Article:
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RIAA Attacked: The SQL

The Recording Industry of America's (RIAA) Web site was attacked -- again -- over the weekend. According to numerous breaking news stories, it seems a lack of proper security controls enabled some to take parts of the site down, and tweak its pages. Get serious.
The Recording Industry of America's (RIAA) Web site was attacked -- again -- over the weekend. According to numerous breaking news stories, it seems a lack of proper security controls enabled some to take parts of the site down, and tweak its pages. Get serious.It looks like a plain vanilla SQL injection vulnerability was publicized on the social news network site Reddit, and the attacking escalated from there.

The RIAA.org Web site appears fully functioning now, but that probably won't last too long if history is any indication. During the past five years the site has reportedly been defaced and has undergone several denial-of-service attacks. Things got really sticky a few years ago when Sen. Orin Hatch proposed to give the entertainment industry the right to attack systems used by illegal file swappers.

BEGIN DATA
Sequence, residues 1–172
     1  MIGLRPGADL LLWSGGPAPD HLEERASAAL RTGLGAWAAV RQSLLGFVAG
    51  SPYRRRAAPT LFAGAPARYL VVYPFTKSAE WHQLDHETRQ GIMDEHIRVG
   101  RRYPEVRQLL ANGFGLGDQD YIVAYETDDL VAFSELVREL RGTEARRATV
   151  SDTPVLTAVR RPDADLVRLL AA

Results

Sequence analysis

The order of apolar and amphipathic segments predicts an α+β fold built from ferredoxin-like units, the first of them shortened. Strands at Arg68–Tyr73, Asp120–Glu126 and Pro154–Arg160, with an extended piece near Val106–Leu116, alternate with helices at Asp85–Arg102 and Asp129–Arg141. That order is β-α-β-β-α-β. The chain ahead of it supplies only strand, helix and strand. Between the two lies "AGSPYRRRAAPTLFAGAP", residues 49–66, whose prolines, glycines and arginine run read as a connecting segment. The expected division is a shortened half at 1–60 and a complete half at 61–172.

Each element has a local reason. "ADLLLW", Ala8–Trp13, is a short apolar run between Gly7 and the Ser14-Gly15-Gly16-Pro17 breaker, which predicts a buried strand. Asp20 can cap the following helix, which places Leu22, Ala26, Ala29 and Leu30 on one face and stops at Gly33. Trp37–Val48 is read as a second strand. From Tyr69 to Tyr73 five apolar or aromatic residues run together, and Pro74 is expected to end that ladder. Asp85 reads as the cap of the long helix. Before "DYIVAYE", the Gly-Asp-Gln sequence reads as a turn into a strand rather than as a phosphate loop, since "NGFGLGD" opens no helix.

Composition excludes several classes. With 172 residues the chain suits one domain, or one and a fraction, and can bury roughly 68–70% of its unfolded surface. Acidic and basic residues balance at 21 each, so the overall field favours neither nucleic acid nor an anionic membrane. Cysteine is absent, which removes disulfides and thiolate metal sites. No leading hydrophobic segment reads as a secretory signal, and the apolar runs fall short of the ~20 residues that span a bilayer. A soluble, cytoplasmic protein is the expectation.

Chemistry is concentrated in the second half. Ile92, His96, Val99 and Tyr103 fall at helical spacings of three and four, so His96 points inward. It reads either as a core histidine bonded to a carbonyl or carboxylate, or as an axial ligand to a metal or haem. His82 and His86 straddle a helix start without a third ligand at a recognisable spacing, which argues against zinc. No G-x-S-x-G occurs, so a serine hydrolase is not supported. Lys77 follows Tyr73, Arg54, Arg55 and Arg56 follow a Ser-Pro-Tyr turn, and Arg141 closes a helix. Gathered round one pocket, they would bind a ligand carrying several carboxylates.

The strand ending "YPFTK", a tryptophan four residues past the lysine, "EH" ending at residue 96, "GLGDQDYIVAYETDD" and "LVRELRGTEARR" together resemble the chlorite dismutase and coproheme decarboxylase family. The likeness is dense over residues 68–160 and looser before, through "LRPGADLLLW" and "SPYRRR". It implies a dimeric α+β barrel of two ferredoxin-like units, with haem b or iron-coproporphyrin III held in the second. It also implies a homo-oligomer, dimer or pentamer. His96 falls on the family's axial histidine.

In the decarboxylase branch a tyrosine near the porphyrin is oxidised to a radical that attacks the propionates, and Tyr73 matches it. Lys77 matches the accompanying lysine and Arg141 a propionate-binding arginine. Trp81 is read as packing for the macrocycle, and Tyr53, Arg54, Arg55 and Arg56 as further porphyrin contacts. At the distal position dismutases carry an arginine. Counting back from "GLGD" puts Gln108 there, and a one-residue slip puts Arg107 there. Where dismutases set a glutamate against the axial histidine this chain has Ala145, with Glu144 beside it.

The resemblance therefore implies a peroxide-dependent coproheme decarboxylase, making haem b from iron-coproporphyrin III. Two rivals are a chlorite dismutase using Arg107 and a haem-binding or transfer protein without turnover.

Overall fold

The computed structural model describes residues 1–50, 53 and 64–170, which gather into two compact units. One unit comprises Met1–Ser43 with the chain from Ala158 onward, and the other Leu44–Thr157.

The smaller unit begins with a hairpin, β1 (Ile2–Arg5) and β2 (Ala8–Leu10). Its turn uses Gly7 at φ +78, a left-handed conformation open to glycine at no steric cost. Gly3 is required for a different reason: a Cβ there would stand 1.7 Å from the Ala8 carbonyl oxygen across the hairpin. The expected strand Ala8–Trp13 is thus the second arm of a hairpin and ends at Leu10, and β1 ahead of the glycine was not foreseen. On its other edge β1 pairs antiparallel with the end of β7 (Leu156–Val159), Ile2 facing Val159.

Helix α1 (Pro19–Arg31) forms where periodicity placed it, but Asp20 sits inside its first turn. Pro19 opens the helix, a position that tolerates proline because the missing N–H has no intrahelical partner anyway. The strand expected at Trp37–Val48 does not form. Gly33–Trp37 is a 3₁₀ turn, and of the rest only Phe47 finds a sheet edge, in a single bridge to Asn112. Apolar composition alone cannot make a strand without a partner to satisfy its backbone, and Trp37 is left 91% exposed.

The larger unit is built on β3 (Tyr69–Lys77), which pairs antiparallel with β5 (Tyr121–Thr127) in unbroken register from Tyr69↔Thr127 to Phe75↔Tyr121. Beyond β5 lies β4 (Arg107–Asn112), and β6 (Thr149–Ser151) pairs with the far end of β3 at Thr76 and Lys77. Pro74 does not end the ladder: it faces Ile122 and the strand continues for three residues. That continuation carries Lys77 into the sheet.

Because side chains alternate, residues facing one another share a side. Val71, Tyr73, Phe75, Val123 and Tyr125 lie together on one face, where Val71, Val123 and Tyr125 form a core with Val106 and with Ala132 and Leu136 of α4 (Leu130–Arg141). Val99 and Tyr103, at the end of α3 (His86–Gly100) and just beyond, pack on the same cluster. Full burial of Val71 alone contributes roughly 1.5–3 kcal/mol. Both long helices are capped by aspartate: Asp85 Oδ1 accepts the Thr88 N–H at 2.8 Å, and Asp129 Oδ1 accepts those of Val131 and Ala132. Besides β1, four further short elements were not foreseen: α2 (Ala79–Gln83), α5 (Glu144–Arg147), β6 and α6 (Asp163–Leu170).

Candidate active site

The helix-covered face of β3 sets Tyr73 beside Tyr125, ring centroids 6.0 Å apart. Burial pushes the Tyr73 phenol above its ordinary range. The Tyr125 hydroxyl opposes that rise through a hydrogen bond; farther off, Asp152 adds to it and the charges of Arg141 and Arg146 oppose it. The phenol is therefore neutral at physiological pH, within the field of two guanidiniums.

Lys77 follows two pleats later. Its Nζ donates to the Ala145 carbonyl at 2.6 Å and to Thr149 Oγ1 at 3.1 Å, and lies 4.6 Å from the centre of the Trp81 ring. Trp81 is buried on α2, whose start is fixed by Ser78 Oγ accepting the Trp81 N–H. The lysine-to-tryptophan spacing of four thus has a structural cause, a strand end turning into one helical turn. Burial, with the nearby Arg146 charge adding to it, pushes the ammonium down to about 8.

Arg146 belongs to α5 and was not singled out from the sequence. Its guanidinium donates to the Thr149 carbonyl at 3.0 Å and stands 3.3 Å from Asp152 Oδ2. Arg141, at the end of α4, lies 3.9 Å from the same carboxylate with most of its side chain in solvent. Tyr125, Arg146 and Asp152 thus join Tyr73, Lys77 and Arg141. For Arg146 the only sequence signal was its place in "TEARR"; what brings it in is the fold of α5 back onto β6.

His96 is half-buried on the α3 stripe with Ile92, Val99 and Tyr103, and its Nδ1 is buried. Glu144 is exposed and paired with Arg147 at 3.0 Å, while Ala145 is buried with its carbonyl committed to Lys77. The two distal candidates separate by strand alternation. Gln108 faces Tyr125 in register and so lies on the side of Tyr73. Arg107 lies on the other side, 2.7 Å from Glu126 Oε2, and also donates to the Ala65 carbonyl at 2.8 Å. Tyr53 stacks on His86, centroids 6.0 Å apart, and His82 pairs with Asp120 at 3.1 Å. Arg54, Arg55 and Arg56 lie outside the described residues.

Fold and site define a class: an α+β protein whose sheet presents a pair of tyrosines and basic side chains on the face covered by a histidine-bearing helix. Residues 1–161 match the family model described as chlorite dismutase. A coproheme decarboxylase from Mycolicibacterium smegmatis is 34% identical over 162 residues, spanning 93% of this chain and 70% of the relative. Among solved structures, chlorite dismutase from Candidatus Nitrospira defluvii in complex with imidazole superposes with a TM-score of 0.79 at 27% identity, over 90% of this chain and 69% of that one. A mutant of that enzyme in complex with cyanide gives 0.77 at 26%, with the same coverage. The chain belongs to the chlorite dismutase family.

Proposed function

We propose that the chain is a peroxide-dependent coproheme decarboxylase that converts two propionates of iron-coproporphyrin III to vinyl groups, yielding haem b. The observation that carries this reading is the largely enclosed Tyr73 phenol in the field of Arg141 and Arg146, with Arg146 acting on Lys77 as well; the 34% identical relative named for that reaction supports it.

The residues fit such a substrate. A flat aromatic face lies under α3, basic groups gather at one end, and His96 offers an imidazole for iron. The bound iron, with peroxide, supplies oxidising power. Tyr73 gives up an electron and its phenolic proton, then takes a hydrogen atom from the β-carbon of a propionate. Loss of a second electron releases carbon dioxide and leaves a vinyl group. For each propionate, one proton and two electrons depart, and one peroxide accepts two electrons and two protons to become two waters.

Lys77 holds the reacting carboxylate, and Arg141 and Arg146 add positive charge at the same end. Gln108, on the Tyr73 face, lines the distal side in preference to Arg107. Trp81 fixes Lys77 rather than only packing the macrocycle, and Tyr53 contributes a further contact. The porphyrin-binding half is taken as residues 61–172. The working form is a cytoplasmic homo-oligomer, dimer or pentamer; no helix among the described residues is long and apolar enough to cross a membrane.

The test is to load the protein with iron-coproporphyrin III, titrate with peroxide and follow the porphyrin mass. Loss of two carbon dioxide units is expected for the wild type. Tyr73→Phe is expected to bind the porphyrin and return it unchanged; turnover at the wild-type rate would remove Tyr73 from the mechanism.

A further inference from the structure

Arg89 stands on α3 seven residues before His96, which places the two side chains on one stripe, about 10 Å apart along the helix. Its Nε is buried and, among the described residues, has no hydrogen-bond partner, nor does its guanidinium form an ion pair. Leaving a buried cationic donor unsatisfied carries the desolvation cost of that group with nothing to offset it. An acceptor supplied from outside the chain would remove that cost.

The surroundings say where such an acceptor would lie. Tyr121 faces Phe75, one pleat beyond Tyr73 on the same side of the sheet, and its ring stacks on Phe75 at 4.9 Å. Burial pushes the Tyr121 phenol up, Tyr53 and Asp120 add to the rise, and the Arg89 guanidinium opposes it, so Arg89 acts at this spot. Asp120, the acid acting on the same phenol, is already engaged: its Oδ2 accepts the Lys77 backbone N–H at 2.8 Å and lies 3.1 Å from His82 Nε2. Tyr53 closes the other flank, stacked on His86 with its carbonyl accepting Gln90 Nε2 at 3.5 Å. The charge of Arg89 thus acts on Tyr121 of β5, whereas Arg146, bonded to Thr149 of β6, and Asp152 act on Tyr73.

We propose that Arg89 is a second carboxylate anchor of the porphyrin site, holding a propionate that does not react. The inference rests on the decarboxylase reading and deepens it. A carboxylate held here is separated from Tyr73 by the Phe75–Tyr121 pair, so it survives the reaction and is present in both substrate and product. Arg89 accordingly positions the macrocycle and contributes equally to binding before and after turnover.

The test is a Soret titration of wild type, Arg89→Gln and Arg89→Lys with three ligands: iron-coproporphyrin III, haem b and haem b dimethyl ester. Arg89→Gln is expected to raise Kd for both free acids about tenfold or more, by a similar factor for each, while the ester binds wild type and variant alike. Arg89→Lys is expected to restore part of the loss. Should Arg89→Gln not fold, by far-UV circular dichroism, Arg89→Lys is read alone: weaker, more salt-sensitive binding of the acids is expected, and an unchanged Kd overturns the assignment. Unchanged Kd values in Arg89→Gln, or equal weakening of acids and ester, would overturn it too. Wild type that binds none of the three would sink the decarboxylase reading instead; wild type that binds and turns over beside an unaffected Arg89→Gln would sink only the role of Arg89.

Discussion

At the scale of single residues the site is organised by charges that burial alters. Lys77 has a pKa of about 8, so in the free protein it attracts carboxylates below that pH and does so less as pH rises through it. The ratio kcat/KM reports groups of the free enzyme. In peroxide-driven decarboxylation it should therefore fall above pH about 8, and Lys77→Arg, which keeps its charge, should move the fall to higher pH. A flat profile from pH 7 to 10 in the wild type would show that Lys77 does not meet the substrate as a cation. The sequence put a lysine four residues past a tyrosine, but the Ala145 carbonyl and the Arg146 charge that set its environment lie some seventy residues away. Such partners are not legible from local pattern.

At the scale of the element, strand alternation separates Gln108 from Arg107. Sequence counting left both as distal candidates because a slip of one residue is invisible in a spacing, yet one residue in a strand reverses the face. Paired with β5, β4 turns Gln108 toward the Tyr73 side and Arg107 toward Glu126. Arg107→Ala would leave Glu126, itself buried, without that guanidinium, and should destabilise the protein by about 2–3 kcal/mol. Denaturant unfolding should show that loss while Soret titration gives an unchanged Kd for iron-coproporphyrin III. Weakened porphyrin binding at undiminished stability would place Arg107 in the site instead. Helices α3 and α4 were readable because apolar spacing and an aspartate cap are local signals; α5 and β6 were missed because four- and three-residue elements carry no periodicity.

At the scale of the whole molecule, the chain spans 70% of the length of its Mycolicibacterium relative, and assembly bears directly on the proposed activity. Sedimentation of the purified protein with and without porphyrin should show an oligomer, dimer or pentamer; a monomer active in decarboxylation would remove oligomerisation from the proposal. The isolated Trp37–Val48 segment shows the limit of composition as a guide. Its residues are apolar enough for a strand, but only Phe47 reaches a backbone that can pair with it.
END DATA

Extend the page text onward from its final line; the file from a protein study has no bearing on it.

How about a search warrant?

Other than a laugh, these more recent hacks aren't going to push their argument against the RIAA, its lawsuits, or the demise of DRM any further.

Energy would be better placed by hounding Congress to improve the Digital Millennium Copyright Act (DMCA) and boycotting the purchase of DRM-enabled music files and CDs. Speaking of DRMed music files, they're already starting their fade into oblivion.

Nearly every, if not every, major record label already is starting to release DRM-free files. In fact, defacing Web sites is about as petty as trying to sue your customer-base to save a dying business model.

Speaking of petty: Why won't the RIAA spring for the occasional server assessment?

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